My daughter is in the fifth grade and will be eleven years old in January. This is what I know —
- She is hearing incorrect information about sex and how babies are made during whispered conversations during recess.
- Some of her peers have seen explicit photos or videos on the internet.
- It is natural for preteens to be curious about their bodies and how they work.
I’ve talked with my daughter about her body for as long as I can remember. In age appropriate terms, we discuss privacy and respect and consent. We have since she was a toddler. She will not be surprised when she gets her period because she is aware of its purpose. And, to give it more gravitas, a couple of her friends already have made that step into puberty.
But until recently, I had not been able to sit down and have “the talk” with her. I just wanted to pretend it wasn’t necessary. Because having that information? It means that another piece of her childhood innocence would be gone. Selfishly, this huge bridge remained one that I did not want to cross. I realized, however, that if I want to establish open communication about sex and relationships as she progresses into her teenage years, I have to stay ahead of where I think we need to be.
We sat at our kitchen table one evening after her younger brother had gone to bed. I began by asking my daughter what she already knew about sex. I wanted to start the conversation where she was and let her lead our talk at her comfort level. She began reluctantly and then more openly shared. I filled in some gaps and corrected some misinformation along the way. I told her she could ask me ANYTHING. She would receive honest answers. I did not offer too many details—because I wanted to cover only what she was ready to hear. We talked for about forty-five minutes. We just scratched the surface of all the information she will need to know over the months and years to come. And, more importantly? We discussed how she felt about what she was learning.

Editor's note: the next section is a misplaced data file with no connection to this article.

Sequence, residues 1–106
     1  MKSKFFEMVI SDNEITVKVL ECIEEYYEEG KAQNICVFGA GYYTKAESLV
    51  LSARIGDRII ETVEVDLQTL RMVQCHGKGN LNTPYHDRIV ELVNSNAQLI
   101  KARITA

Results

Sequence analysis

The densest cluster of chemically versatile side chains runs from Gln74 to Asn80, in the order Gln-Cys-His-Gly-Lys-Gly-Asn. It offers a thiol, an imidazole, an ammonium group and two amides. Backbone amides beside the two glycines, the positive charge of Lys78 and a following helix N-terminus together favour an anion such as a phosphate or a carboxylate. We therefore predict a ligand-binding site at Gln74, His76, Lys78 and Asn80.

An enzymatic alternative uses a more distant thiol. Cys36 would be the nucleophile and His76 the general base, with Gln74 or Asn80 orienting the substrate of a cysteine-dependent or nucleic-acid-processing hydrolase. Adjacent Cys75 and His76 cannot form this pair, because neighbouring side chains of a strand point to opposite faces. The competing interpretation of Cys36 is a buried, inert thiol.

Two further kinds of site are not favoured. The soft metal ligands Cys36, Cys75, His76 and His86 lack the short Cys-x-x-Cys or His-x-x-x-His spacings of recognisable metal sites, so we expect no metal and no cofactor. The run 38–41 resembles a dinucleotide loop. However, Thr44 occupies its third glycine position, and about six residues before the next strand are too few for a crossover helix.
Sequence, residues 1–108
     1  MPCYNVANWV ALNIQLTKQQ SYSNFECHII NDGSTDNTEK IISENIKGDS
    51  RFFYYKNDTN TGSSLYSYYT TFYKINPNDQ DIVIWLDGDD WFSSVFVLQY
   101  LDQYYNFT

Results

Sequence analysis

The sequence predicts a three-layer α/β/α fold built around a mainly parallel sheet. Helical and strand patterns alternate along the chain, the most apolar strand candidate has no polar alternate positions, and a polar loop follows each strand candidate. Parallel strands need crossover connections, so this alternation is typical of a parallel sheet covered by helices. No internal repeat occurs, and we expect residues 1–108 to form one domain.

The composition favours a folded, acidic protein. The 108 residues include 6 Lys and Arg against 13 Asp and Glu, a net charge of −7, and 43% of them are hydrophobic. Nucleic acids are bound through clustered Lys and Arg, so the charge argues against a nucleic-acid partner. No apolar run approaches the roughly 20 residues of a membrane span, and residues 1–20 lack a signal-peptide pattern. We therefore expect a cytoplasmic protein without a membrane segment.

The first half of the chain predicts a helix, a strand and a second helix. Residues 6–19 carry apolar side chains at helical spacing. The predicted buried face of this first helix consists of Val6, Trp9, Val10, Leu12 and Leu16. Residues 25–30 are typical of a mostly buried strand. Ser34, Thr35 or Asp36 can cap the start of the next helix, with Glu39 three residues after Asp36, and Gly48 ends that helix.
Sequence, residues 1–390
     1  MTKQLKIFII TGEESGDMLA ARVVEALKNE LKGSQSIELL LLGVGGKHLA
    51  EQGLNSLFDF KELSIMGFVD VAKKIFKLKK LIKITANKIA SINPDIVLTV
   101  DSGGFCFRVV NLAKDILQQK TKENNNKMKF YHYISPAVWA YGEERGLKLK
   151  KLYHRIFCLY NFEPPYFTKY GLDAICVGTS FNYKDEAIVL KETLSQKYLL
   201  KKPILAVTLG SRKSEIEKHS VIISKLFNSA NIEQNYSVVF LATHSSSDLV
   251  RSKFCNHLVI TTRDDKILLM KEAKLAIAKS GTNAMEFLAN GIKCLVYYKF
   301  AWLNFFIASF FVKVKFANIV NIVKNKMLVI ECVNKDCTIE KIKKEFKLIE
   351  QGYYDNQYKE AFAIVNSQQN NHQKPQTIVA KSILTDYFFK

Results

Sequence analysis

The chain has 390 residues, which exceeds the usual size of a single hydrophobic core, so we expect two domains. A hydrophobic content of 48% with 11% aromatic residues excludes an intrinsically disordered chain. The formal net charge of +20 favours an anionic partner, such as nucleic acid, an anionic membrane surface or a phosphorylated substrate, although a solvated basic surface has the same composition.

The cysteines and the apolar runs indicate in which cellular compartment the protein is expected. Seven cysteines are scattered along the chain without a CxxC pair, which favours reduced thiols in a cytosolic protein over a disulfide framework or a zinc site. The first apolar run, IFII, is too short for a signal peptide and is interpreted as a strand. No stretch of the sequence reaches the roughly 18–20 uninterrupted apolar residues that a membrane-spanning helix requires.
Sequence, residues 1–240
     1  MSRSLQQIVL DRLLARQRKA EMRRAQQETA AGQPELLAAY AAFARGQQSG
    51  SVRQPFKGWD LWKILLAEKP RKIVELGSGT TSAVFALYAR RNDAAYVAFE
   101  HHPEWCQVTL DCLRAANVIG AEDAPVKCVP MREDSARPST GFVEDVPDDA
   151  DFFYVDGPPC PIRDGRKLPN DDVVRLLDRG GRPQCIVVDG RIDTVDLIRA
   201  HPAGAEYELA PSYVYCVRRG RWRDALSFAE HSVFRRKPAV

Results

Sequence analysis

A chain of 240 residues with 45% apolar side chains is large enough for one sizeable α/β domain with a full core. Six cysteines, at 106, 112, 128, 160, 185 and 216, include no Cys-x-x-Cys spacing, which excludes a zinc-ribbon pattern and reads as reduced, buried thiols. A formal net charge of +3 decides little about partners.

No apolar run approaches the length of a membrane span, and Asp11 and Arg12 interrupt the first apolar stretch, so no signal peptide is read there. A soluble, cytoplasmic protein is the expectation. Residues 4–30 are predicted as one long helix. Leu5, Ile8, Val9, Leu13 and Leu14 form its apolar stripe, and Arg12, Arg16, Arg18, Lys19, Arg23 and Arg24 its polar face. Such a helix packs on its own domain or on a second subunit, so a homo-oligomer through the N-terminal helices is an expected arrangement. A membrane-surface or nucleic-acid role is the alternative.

I will not go into detail about the particulars of our chat. Every parent maintains different priorities concerning what to cover. Each will choose a different context in which to present the information. But I will share that, as with every such conversation, there was at one point a lengthy and reflective pause followed by, “So you and Dad?! . . . Ugh!!”
Since I am divorced, I’m sure that shocking revelation seemed even more confusing to her. I scrambled for the right response. And, in doing so, I actually said, “In the words of the great Will Smith, ‘When push comes to shove, you were conceived in love!'” Yep. That’s what I went with. But in that moment? I think we both appreciated the chance to laugh.
When I tucked her in a bit later that night, she hugged me and asked, “So, I can ask you anything, right?” I reaffirmed this promise and she said, “OK, good. Thanks.”
Since that first talk, we have enjoyed several wonderful and tender conversations. Discussion of new information is always interspersed with my asking questions like “How do you feel about this?” and “Do you want to know more or move on?”
Once the topic was brought to the table, the conversation was a lot easier than I anticipated. In a world in which she inevitably will be influenced by friends and school and media, I’m so glad to have established myself as her primary source of information. I can share my values with her when those of her friends and classmates may run counter. And she knows I love her and will be there—no matter what. I reminded her that her friends’ parents play the same roles in their homes and that each family decides for itself the right time to talk about sex. Be it sooner or much later than we chose to tackle the subject of sex in our home—the decision is theirs.
I encourage all moms out there to keep those lines of communication open. Listen for those little clues that your son or daughter may be ready to talk about sex. Talk to friends whose perspective you respect on such things. Seek out those who already have had this conversation with their kids and get their advice. I did. And it helped me tremendously.
Remember what questions and curiosities you had at their age? (I KNOW I’m not the only one who, as a seven year old, giggled when I saw that someone put SEX as their initials on the high score board for Pac Man at the local pizza parlor. And I KNOW I wasn’t the only young kid who learned some wildly inaccurate information passed on from friend’s older siblings.) Know that our sons and daughters are hearing things earlier than we want to admit. Choose to walk with them through every awkward question and confusing feeling. It may not be easy, but it’s so important.